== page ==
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Medicine is the best medicine; help patients keep taking it

December 07, 2010 By: Nadia Category: HealthCare, Medicine Advice, Medtipster, Prescription News, Prescription Savings

www.Medtipster.com Source: Boston Globe, 12.3.2010

Patients who don’t take their medications are a well-documented problem in medicine. If doctors are to spot patients who might stop complying with prescriptions, it’s vital to have a fuller understanding of why and how it happens.

As many as 40 to 60 percent of those with chronic conditions like high blood pressure, heart failure, or diabetes don’t take their medicines regularly. The reasons vary – some patients never fill their prescriptions; others feel better and stop their drug regimens; in still other cases, side effects or the burden of too many pills discourage patients from refilling their prescriptions. Whatever the motive, failing to take needed drugs leads to worse health and higher spending, as patients land in the hospital for preventable conditions that cost the health care system hundreds of millions of dollars a year.

But a new study this month in the Annals of Internal Medicine, by researchers at Brigham and Women’s Hospital and Harvard Medical School, shines the spotlight on another contributor: Patients not picking up prescriptions that have already been filled.

The analysis, funded by CVS Caremark, looked at over 10 million prescriptions filled over a 3-month span in 2008 and found that 3.3 percent were never picked up. The number seems small, but translates to 110 million abandoned prescriptions per year in the United States. It costs a pharmacy an estimated $5 to $10 to prepare, then return to the shelves, an unclaimed medication, so the authors estimate the problem could be costing more than $500 million a year. CVS Caremark has a clear interest in bringing that number down – but so do patients and doctors.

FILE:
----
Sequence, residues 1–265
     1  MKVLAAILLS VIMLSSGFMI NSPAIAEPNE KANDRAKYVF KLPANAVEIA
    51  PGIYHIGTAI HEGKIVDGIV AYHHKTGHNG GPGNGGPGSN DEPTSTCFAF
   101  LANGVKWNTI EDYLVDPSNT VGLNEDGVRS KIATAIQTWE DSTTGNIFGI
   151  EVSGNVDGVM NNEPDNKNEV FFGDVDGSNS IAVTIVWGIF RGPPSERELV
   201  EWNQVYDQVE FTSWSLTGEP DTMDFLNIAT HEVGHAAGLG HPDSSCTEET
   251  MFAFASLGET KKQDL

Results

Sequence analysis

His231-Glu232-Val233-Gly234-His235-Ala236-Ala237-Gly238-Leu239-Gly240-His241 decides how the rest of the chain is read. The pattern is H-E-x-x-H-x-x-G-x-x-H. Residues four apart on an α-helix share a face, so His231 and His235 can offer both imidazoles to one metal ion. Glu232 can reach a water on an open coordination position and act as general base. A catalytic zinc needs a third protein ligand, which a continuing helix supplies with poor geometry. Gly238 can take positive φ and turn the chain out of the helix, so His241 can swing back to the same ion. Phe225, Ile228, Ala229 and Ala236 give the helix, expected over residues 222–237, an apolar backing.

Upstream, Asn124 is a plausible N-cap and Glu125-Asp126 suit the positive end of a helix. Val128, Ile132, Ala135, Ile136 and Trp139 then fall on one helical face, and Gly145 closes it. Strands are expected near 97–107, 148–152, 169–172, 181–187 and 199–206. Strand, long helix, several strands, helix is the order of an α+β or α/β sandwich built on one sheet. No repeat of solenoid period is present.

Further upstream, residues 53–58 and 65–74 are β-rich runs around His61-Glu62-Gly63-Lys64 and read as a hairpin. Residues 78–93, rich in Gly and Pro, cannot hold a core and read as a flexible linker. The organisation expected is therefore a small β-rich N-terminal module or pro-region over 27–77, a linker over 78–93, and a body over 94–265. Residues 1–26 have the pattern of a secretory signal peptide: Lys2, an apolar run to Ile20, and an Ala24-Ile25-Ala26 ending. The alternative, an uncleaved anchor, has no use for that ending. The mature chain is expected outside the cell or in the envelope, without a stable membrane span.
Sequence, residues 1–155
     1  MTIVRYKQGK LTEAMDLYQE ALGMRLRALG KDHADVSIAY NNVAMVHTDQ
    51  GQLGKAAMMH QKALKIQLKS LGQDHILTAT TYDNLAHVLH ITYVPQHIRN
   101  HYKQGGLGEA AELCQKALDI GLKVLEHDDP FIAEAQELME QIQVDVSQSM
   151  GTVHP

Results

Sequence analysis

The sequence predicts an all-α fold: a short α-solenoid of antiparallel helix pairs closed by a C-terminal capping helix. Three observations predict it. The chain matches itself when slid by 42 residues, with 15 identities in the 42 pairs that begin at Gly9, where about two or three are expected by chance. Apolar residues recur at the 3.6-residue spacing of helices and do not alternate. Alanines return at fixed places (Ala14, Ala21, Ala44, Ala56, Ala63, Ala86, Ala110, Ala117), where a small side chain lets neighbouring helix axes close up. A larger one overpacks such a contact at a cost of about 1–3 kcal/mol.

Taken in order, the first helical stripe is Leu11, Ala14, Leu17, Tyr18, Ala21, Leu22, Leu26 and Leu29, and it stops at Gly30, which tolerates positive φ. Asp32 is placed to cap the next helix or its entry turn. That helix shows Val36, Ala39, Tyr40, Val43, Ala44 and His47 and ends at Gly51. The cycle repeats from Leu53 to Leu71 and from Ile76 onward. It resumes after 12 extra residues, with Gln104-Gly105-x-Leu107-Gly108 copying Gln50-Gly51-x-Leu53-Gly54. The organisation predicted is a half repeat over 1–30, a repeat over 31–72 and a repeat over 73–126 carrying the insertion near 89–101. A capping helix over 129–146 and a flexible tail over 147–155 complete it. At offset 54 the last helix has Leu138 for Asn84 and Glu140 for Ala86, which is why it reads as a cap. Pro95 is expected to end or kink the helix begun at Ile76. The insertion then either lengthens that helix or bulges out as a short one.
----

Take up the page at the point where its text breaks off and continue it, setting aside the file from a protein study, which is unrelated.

The problem could worsen as technology evolves: Prescriptions sent electronically were 65 percent more likely to be left behind, probably because they bypass the step of having the patients hand- deliver a slip to the pharmacist. As electronic prescribing continues to take hold nationwide, insurers should be vigilant that prescription fill rates may reflect compliance less accurately than with traditional prescriptions.

Not surprisingly, prescriptions with $40 to $50 copays were the most likely to be abandoned. According to William Shrank, the study’s main author, this means that during economically hard times “even insured patients are experiencing sticker shock, and walking away from the pharmacy, without filling essential medications.”

Doctors are unlikely to know their patients’ copays for drugs, but taking the time to talk about drug costs would help them identify those who might never pick up their prescriptions. Down the road, those extra minutes of chat time at the office become multiple dollars saved at the hospital bedside.

Pharmacists Improve Patient-Care: Benefits include better drug compliance, fewer medication errors, adverse reactions

December 06, 2010 By: Nadia Category: HealthCare, Medicine Advice, Medtipster, Prescription News, Prescription Savings

www.Medtipster.com Source: usnews.com, 11.30.2010

TUESDAY, Nov. 30 (HealthDay News) — Patients have better outcomes when pharmacists are part of patient-care teams, according to a new review.

The researchers analyzed 298 studies and found that inclusion of pharmacists in patient care led to improved outcomes in a number of important areas, such as better diabetes control, lower blood pressure and lower cholesterol.

Pharmacist participation in patient care was also associated with a nearly 50 percent decrease in adverse drug reactions, fewer medication errors, improved patient compliance with drug regimens, and higher overall quality of life scores.

The findings were published in a recent issue of the journal, Medical Care.

“Pharmacist-provided direct patient care has favorable effects across various patient outcomes, health care settings, and disease states,” Marie Chisholm-Burns, of the University of Arizona College of Pharmacy, and colleagues wrote in a news release from the journal’s publisher.

Most of the studies included in the review focused on outpatient venues such as medical clinics. But the studies that looked at hospitalized patients also found benefits of pharmacist care, including a lower risk of hospital readmission, said the review authors.

“Incorporating pharmacists as health care team members in direct patient care is a viable solution to improve U.S. health care,” they concluded.

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